Péter Érdi is a Hungarian and now also Hungarian-American researcher and teacher. His ambition has been to work in the spirit of cybernetics and systems theory. He serves as the Henry Luce Professor of Complex Systems Studies at Kalamazoo College, Kalamazoo, Michigan, and also keeps his position in Budapest in the Complex Systems and Computational Neuroscience Group of the Wigner Research Centre for Physics, Hungarian Academy of Sciences. In addition, he is the founding Co-Director of BSCS – Budapest Semester in Cognitive Science study abroad program.
His major books:
- Péter Érdi and János Tóth: Mathematical Models of Chemical Reactions: Theory and Applications of Deterministic and Stochastic Models. Princeton University Press 1989
- Michael A Arbib, Péter Érdi and János Szentágothai: Neural Organization: Structure, Function, and Dynamics. The MIT Press 1997
- Péter Érdi: Complexity Explained. Springer, 2007
Dr. Érdi is among others the member of such institutions as the Board of Governors of the International Neural Network Society, the IEEE Computational Intelligence Society University Curriculum Subcommittee, the FENS-IBRO European Neuroscience Schools Programme and the Editorial and Programme Advisory Board of the Springer Complexity publishing program.
1. Can you briefly describe your field of research?
I spent my scientific career by applying the concepts and model frameworks of the theory of dynamical systems to very different levels and problems: from chemical kinetics via neurodynamics to social systems. I have a general interest in computational psychiatry; specifically, recently we uncovered some differences in the causal connection patterns and strengths between healthy and schizophrenic subject during some learning task. In the last several years we analyzed the U.S. patent citation network too extract the governing rules of the network development to establish the methodology for predicting emerging field of technologies.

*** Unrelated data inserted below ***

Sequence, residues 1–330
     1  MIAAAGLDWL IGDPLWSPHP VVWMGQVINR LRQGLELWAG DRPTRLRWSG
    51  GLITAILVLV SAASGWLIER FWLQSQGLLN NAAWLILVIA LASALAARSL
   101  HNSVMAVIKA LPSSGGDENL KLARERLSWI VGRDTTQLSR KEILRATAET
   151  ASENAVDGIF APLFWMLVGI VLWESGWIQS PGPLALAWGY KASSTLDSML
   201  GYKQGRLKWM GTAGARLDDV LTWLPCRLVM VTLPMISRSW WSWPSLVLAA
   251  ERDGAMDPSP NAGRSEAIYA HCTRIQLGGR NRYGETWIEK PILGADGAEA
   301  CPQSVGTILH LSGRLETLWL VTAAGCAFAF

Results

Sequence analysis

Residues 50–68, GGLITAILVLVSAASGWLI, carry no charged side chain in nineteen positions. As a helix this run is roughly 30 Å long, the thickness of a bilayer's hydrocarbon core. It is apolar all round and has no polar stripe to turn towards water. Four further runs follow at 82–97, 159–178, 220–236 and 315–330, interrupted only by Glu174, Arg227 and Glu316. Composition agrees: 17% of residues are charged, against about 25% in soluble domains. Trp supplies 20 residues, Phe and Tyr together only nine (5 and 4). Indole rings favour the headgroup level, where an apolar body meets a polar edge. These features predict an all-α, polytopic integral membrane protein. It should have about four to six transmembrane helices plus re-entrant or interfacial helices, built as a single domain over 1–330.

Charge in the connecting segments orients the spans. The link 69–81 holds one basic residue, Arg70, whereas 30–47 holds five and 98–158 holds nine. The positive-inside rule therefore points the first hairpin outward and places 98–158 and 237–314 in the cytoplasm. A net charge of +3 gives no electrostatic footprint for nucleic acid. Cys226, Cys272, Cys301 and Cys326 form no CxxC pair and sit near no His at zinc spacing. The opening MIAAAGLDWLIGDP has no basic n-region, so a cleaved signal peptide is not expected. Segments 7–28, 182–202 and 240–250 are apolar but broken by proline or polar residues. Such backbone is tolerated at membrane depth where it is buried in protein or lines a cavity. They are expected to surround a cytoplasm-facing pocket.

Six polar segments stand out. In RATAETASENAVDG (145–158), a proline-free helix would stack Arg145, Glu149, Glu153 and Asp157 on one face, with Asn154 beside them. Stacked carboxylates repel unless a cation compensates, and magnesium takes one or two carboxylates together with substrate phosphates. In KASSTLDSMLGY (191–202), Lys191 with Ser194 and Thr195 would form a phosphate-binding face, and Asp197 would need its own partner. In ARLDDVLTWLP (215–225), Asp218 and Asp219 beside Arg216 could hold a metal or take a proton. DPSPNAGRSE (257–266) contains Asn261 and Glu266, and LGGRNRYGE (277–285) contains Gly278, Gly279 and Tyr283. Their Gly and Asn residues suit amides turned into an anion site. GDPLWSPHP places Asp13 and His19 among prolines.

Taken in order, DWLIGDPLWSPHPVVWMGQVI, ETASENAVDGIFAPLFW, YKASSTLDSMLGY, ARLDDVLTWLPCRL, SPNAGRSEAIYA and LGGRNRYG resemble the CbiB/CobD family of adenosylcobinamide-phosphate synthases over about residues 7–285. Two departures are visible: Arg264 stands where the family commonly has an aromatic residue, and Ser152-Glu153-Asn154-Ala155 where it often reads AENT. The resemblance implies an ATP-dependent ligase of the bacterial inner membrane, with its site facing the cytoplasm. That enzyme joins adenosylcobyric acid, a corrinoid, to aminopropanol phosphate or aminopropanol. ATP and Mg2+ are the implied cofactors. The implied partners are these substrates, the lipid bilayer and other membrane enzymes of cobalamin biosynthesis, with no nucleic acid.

2. What fascinates you about cybernetics/systems research/system theory?
It is easy to conceive that the movement of cybernetics was driven, at least
implicitly, by the grand utopia that Metaphysics, Logic, Psychology and Technology
can be synthesized into a unified framework. No doubt that cybernetics was an intellectually appealing, ambitious discipline,
partially victim of its own ambition. But many of its tenets survived
under the names of other disciplines, and I think, cybernetics now strikes back. I am still fascinated how cybernetics hoped to be a (or the) bridge between the ”natural” and ”artificial”or in other words, ”organisms” and ”mechanisms”.
Bertalanffy’s systems theory was interested in finding common principles in different disciplines, so he tried to revive the concept of the “unity of science”. He hoped to integrate the different perspectives, and also to analyze and synthesize different forms of complexity. The new systems biology can be seen as the half admitted renaissance of cybernetics and systems theory.
3. Where do you see or would like to see the field heading? What
changes would you like to see?
In spite of much lip service, interdisciplinary research and education is not really appreciated. I feel very important to train the next generation to be able to think with models. By thinking in and with models we consciously give up a language, which implies that we might be the only ones, who are able to know the only truth. We don’t say that “these and these are the facts, and only the facts matter”. A more appropriate language says: “By assuming this and that, and adopting the set of these rules, we may imply this and that”. This is not a shame. We may admit that we are not the owners of the final and infallible truth.
I would like to see established and well-accepted educational programs both at undergraduate and graduate levels to teach complex systems thinking.
4. What impact does your field of research have on society? What
practical application for society does it have? Do you see practical
applications in your own life? Can you give examples?
I think, the perspective what a pluralistic theory of complex systems offers, is the key to understand, explain and control the world which seemed to be derailed. We may have the chance to get a better insight into our own cognitive-emotional structures. Analysis based on the combination of biological and social approaches will help to explain and control our choices and decision makings at individual level, and the evolution of norms and values in societies. Increasing knowledge about our (and others) genes, brains and minds, our willingness to cooperate and compete both individually and in groups should help to understand the world and our role in it.
But of course, flat or not, that will be a different world.
5. What’s a scholar/writer, whose work inspires you in your own work?
Names (and numbers) are dangerous. However, during my (somewhat late) formative years I was certainly influenced by Michael Arbib, Michael Conrad, Robert Rosen and Otto Rössler.